I aspired to be a vegan for a while before I took the plunge, convinced that the lifestyle would be too difficult for me to achieve. The fear of failure was similar to the one I maintained before quitting smoking cigarettes, about nine years ago. In the end, switching to a vegan diet was not only surprisingly easy, but led me cook more frequently and become attuned to the delectable flavorings of fresh vegetables, fruits and a variety of spices. I didn't just cut animal products out of my diet, I became more aware of the bounty plant-based foods offer for the senses.
But veganism doesn't only apply to one's diet, it means living a cruelty-free lifestyle (with no animal products), therefore I had an entire household to transform. Just as with my diet, I felt overwhelmed by the idea at first. In the end it was a surprisingly easy transition that led me to a better spiritual place through compassion for other beings, and mindfulness of the products that I use.
It didn't happen overnight. I had years worth of non-vegan make-up, shoes, bedding and other items throughout my home. There was the financial challenge at hand of replacing all of these at once (something I was not able to do on my budget) but also the challenge of letting go of objects that I had assigned sentimental value. I took the process seriously but gently, getting rid of and replacing many items immediately, but giving myself the emotional and financial space to take my time with others. In the end, I found that letting go of things I could not afford to replace right away (and simply living without instead) was infinitely more spiritually and emotionally rewarding than holding on to them.
First, there was my vast make-up collection that included a good amount of unworn high-end cosmetics. I organized every piece by cosmetics company. Then I typed up lists of all of them, organized by brand. I emailed the lists to the companies' customer service departments to find out if the products were vegan. Some companies, like MAC (despite not posting a public list of vegan products) responded to emails inquiring about specific products. If I found out that a product was not vegan (the most frequent culprit ingredients being carmine, beeswax, and lanolin) I got rid of it. Though I felt attached to my make-up -- I still maintained an awareness that the assorted colorful sticks and pots were indulgences I would likely be spiritually lighter letting go of. In the end, I was. Eventually I could afford to replace what I threw away with cruelty-free items from companies such as all-vegan Ecco Bella, Urban Decay (their website has a vegan page), all-vegan Manic Panic Collection and MAC. A fantastic resource for finding vegan make-up is the Cruelty-Free Face blog by make-up artist/author Melisser Elliot, who includes a list of vegan companies and products. Although I still have fun with make-up, in the process of "veganizing" my collection I experienced an important lesson -- that letting go of certain physical items I am attached to frees me.
Even more difficult for me than letting go of my carefully curated make-up collection, was bidding adieu to my cherished leather shoes and handbags. I perceived them as not just serving practical purposes, but as indulgences that brightened a dull day, and as integral parts of how I presented myself to the world. In the end they proved to be just like my make-up -- physical things that lightened my spiritual load when I let go of them. I recall one purple purse I was particularly attached to. I had coveted it for months before it finally went on sale and I snatched it for a still-high price. I don't think I ever missed it once it was gone. Now it's just a faint and powerless image that only emerges when I dredge it up from the recesses of my memory. Today when I covet a handbag or pair of expensive shoes, it's much easier to release the desire for them. Once in a while I still indulge. My favorite place to do so is the all-vegan shoe (and accessories) store MooShoes.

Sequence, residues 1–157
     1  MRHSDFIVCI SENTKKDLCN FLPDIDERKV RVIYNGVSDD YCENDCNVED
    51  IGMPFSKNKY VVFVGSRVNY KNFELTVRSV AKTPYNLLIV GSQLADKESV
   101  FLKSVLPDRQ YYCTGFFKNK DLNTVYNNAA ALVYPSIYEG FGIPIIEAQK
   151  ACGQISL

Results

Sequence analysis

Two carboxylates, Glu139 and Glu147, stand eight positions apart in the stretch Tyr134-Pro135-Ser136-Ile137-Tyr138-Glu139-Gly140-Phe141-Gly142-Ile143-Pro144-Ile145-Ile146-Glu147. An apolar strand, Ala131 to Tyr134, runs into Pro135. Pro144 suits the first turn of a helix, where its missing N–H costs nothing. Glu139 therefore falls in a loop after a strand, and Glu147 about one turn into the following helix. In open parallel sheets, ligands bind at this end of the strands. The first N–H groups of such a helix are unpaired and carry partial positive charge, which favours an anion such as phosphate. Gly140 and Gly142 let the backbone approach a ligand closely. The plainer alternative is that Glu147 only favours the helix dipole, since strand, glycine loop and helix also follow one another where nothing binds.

When I was little, instead of the "blankey" that many children drag around, I had a "feather pillow" (eventually I learned that this was called a "down pillow"). As an adult I still found comfort nesting my head in the cotton-encased clouds of feathers. The problem was that's just what they were: the feathers of birds. There are two ways that down is generally collected; either the birds are killed or the feathers are torn from their bodies while they are still alive. No matter what comfort level I was deriving, in my heart and soul I did not believe that my pleasure was worth an innocent bird suffering the least amount of pain, let alone losing its life. I chose to live my truth instead of responding to my juvenile attachment. My bed is still "comfy-cozy" as I used to say as a child -- I found a great quilted down alternative comforter and pillows at Laytner's Linen & Home.
When I transitioned to a vegan home, I thought the conversion would be as tedious as picking lice out of a child's thick hair. I discovered that it was a spiritually uplifting process that helped to teach me mindfulness, and opened my eyes to how I could lessen the suffering of others by making simple choices. I'm not living a monk's life that is free of material possessions -- but I've experienced first-hand the spiritual transformation that comes with letting go of the physical, and of choosing a compassionate lifestyle.
Maya Gottfried is the author of books, essays and articles for children and adults. She has previously written on her experience with cancer for crazysexylife.com. Her autobiographical essay "Untitled" appeared in the book "Half/Life: Jew-ish Tales from Interfaith Homes." Maya's most recent book for children, "Our Farm: By the Animals of Farm Sanctuary," is about the real-life residents of national farm animal protection organization Farm Sanctuary. Read her blog on Red Room.
Follow Maya Gottfried on Twitter: www.twitter.com/mayabidaya